Stargazers are in for a treat next week as a special full moon will be visible in the night sky.
Earlier in this year, you likely heard of the Great American Eclipse in August or even the triple threat lunar event hosting a Snow Moon, comet, and a lunar eclipse in February — but next Thursday night, something different will happen.
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It’s a full moon known as the “Harvest Moon” and, much like the image its name might conjure, the moon is expected to shine extra bright next week with an orange, yellow or reddish hue, known as the “Harvest Moon Effect.”
In addition to its strange hue, the Native Americans gave it the name because of its abundance of moonlight early in the evening, which was a great help to farmers harvesting their summer grown crops in the early fall. The names of many full moons originated from Native American tribes, which used the natural satellite as a marker for the start and end of seasons.
The October moon also has other names, like the Travel Moon, the Dying Moon and the Full Hunter’s Moon.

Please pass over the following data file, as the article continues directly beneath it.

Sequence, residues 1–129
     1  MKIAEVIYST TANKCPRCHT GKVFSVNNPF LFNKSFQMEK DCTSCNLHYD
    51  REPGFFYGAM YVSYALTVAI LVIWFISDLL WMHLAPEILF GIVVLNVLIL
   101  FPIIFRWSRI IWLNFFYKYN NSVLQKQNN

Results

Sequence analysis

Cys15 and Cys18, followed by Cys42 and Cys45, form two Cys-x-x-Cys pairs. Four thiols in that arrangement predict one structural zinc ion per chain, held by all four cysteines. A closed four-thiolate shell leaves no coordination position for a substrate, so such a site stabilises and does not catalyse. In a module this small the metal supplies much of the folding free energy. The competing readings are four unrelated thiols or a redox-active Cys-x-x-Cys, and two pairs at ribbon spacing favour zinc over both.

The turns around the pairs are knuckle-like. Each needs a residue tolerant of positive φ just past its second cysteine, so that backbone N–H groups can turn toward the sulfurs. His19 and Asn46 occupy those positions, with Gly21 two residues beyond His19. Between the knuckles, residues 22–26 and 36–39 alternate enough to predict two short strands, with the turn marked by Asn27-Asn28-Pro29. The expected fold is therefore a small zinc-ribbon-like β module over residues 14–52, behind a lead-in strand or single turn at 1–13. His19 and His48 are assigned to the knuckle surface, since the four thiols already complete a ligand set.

Though this year’s Harvest Moon will take place during the first week of October, the lunar event normally occurs in September as it typically falls closest to the autumnal equinox for the Northern Hemisphere, or the first day of fall — Sept. 22.
But because the September full moon arrived early this year, on the night of Sept. 5 in the U.S., October’s full moon will fall the closest to the September equinox.
This phenomenon will be at its maximum Thursday afternoon, shortly after 2 p.m. EST, but will not be immediately viewable to those watching in the continental U.S. until it rises at 6:51 p.m. The moon will set the following morning at 7:40 a.m. and seem full for a few days.